Scrub and reseason. And tell your roommate to get his or her own cast iron.
I used to eat at Tito's on third almost every day. I no longer work nearby, but I loved that cart so much!
I use the stovetop recipe from the Joy of Cooking. It's fast, rich, and I drop in whatever cheeses appeal to me in addition to the cheddar. Must use shell macaroni though.
Just coat it lightly with oil and bake it at about 325-350 next time you bake something else.
Hehe... I just went through this myself. Fortunately, my kid let me put her in a Bjorn, giving me two hands most of the time.. One handed meal= an apple, a chunk of cheese, a ham and cheese sandwich, crackers, mug of tomato soup, heat and serve leftovers. Save the real meals for times when you can have someone else hold the baby while you cook. Made-ahead and frozen portions of tamales, lasagna, pot pies... Those might be one-handers too, if you can do that.
1.5 hours to heat... Ugh... I'll stick with cast iron stovetop/broiler method. I've also been around when the BGE "flashed back" at around 600F, and would be terrified of what it would do when opening the lid at 900F! Maybe someone should figure out how to use a flame thrower to make pizza.
I just had a friend cook me pizza on a Big Green, and I was unimpressed. It was just like the pizza he makes in his oven. Maybe other people are more skilled...
Go to thrift store. Handle a few pans: some have a nicer balance than others. Wagners are great, if you can find one. Lodge pans always seem to have a rough finish that I dislike, although it disappears with age. If the ones you find are crudded up, you can usually steel wool them down to bare metal and season them up nicely. If they're really bad, google up "cast iron electrolysis": save the elbow grease! The title of your post made me smile: I've never bought a cast iron pan when I was flush with cash (student/americorps days), and I have a gorgeous little stash, probably for less than $10 per pan.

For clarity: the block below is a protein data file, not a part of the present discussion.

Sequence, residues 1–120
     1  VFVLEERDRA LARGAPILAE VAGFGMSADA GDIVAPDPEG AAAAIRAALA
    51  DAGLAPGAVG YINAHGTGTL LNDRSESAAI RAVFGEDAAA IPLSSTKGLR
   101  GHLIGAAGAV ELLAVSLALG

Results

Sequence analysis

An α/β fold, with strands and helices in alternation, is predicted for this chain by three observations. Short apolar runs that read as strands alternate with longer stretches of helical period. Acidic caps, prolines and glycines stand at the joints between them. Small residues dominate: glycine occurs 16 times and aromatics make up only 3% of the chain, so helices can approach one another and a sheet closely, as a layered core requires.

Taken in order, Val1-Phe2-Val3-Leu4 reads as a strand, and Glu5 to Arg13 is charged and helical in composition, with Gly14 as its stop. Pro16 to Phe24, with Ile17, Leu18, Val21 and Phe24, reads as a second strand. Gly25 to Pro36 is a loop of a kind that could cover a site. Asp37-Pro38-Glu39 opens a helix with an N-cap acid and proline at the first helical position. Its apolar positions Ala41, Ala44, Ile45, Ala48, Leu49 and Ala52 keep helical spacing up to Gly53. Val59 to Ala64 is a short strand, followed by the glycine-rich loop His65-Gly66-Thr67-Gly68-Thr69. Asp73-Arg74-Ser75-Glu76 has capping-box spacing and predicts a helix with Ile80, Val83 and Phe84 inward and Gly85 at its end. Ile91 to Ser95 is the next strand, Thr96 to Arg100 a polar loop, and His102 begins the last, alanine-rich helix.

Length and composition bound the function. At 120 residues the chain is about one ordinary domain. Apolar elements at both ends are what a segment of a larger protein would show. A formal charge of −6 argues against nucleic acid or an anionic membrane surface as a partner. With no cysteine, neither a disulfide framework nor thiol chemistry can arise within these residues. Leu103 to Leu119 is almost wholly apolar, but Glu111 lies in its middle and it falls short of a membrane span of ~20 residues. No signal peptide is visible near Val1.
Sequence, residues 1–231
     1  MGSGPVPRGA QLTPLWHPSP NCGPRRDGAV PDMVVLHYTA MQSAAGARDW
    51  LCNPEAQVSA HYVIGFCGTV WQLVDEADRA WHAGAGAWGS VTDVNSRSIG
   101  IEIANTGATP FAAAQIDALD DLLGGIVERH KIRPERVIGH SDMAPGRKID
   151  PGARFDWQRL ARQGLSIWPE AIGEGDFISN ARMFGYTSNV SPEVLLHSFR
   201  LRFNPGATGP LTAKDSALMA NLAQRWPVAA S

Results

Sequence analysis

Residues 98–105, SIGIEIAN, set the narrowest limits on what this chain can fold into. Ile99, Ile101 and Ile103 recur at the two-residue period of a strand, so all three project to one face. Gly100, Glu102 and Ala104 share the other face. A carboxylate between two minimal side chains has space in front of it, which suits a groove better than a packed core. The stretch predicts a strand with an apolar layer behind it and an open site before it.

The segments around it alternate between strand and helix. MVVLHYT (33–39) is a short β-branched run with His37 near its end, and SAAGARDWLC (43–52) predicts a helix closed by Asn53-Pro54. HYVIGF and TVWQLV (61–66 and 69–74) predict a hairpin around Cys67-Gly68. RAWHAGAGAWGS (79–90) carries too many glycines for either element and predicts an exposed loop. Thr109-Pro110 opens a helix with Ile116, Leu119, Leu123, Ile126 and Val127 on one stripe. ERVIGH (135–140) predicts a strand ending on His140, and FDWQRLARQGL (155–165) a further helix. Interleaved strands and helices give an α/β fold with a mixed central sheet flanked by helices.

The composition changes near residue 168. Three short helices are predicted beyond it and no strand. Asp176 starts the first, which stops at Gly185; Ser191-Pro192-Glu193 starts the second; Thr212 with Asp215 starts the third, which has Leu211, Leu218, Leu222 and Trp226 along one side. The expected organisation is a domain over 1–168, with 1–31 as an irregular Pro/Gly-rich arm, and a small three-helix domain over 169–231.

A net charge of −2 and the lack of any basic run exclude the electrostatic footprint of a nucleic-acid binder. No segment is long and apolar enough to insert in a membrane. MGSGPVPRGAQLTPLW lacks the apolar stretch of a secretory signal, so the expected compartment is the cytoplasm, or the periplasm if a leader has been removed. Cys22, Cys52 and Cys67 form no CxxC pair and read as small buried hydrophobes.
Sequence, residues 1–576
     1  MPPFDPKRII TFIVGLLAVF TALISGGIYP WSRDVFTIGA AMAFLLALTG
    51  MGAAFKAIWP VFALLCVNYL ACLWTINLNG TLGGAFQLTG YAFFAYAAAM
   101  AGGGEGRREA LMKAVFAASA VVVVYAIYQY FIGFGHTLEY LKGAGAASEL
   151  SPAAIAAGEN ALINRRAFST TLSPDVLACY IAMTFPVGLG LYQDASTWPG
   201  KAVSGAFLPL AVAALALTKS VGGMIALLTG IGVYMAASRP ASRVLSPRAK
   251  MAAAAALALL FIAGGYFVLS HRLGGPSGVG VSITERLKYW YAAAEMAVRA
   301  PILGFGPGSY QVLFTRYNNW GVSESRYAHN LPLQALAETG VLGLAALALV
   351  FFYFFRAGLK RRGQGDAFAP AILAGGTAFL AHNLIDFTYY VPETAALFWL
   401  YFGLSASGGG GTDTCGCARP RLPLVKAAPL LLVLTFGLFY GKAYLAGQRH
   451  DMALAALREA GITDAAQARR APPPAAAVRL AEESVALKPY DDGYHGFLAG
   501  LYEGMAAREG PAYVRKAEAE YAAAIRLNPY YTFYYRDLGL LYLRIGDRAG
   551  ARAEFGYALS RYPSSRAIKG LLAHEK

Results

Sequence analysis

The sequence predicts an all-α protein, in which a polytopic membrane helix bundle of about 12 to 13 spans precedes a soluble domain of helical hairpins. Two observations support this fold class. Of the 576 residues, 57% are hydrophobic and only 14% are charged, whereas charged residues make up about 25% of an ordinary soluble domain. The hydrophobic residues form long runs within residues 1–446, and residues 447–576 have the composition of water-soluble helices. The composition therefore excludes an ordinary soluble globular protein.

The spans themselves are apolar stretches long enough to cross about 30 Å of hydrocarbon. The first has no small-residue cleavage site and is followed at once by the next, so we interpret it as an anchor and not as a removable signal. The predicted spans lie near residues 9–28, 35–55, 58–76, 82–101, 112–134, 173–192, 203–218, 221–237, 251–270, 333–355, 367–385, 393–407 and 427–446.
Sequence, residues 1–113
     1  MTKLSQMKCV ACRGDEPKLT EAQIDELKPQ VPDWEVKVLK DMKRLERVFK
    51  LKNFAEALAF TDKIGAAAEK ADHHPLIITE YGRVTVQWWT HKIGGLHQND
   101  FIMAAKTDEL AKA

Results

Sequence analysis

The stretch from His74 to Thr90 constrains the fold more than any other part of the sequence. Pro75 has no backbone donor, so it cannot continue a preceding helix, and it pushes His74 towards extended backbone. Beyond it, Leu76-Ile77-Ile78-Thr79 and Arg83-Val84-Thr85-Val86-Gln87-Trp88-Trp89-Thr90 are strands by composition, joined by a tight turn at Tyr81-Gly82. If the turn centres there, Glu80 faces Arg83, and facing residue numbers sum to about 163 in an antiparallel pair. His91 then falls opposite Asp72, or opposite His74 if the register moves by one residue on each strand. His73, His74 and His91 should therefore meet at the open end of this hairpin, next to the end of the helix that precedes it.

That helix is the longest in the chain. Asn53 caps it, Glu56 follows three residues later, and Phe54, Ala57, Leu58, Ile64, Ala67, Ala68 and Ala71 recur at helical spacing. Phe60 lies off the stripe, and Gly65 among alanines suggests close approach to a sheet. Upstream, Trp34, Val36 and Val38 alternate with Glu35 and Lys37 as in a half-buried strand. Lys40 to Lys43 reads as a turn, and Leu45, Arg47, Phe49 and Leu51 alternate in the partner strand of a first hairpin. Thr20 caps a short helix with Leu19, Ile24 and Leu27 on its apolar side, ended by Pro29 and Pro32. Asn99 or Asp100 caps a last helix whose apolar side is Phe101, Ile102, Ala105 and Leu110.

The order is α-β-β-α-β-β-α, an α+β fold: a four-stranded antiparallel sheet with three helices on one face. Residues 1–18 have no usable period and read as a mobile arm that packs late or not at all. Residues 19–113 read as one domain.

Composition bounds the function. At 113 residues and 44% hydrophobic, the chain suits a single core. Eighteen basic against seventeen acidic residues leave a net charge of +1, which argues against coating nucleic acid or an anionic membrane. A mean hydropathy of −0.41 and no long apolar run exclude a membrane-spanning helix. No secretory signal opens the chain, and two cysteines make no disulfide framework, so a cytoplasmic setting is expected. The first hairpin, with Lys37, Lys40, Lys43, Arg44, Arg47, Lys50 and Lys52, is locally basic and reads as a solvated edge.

Wine and hard cider! Actually, I'm pretty sure it's sulfites, both naturally occurring and added (sulfite free wine is still a problem). My throat and face itch, and if I have more than a sip it can become very uncomfortable.
We live somewhere where chickens are okay, and the rules about them are thus: no more than three without a permit, no roosters. We actually wound up with three roosters the first time we raised chicks. Our neighbors heard them crow for one or two mornings, then all was silent. They were delicious roosters. Cities are slowly coming around: urban chickens aren't a big deal really. Certainly much more pleasant than my neighbor's constantly barking dog, or my neighbor's outdoor cats, which crap in my garden.
I wonder if the people suggesting that light eaters and non-drinkers should uncomplainingly pony up more are the ones ordering bottles of vodka and steaks?
I feel like it's just good customer service for a restaurant to be able to do separate checks. We have friends (whom we have stopped dining with!) because we would go out for pizza or burgers, and the wife would order an appetizer, a salad, a special entree, something for their toddler, glasses and glasses of wine, and then want to split the bill evenly. Between my husband and I, we'd had two burgers and two beers... I think our "half" was sixty dollars on one occasion!
Maybe this one is strange, but in a lot of restaurants around here, it is not obvious when I walk in whether I should seat myself or wait to be seated. I think this is WEIRD and a major turn-off. A simple sign or having a hostess station would solve this quickly... Also, service and server attitude! Portland restaurants suffer from having smarmy hispter servers with crappy attitudes and better things to do than wait on customers. It's prevalent around here and I think restaurant and bar owners should mystery-shop their own establishments once in a while, flog some waitstaff, and see if morale improves.
I caught that too.
From what I've seen of this, the author shouldn't have discounted the "locavore" organic-only, know-thy-farmer types. I've known members of this cult to spend $8 on a head of green cabbage at a farmer's market when they can't afford rent, be eating expensive cheeses and local breads when they work at burger joints... In moderation I think it's laughable but harmless, but when people are exceeding their means in order to eat exciting grub, well, it's just stupid. $350 bucks a week? Bet my family eats for about three weeks on that, and we enjoy our food as well.